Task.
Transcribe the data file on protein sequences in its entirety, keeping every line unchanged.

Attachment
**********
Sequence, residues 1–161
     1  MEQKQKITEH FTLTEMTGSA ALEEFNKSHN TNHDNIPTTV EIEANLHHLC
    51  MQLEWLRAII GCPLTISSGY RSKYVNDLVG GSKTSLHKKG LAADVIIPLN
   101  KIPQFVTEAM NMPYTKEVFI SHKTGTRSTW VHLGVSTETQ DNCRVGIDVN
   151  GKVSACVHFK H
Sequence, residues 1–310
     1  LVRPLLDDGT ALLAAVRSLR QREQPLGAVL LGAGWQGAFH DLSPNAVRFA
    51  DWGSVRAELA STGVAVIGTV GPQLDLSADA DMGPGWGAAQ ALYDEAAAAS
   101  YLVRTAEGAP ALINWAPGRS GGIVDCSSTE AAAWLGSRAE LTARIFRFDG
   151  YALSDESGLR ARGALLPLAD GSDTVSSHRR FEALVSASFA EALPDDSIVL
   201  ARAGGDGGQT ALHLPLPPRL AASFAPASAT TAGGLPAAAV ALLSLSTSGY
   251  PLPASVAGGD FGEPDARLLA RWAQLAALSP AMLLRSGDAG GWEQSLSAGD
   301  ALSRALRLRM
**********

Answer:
Sequence, residues 1–161
     1  MEQKQKITEH FTLTEMTGSA ALEEFNKSHN TNHDNIPTTV EIEANLHHLC
    51  MQLEWLRAII GCPLTISSGY RSKYVNDLVG GSKTSLHKKG LAADVIIPLN
   101  KIPQFVTEAM NMPYTKEVFI SHKTGTRSTW VHLGVSTETQ DNCRVGIDVN
   151  GKVSACVHFK H
Sequence, residues 1–310
     1  LVRPLLDDGT ALLAAVRSLR QREQPLGAVL LGAGWQGAFH DLSPNAVRFA
    51  DWGSVRAELA STGVAVIGTV GPQLDLSADA DMGPGWGAAQ ALYDEAAAAS
   101  YLVRTAEGAP ALINWAPGRS GGIVDCSSTE AAAWLGSRAE LTARIFRFDG
   151  YALSDESGLR ARGALLPLAD GSDTVSSHRR FEALVSASFA EALPDDSIVL
   201  ARAGGDGGQT ALHLPLPPRL AASFAPASAT TAGGLPAAAV ALLSLSTSGY
   251  PLPASVAGGD FGEPDARLLA RWAQLAALSP AMLLRSGDAG GWEQSLSAGD
   301  ALSRALRLRM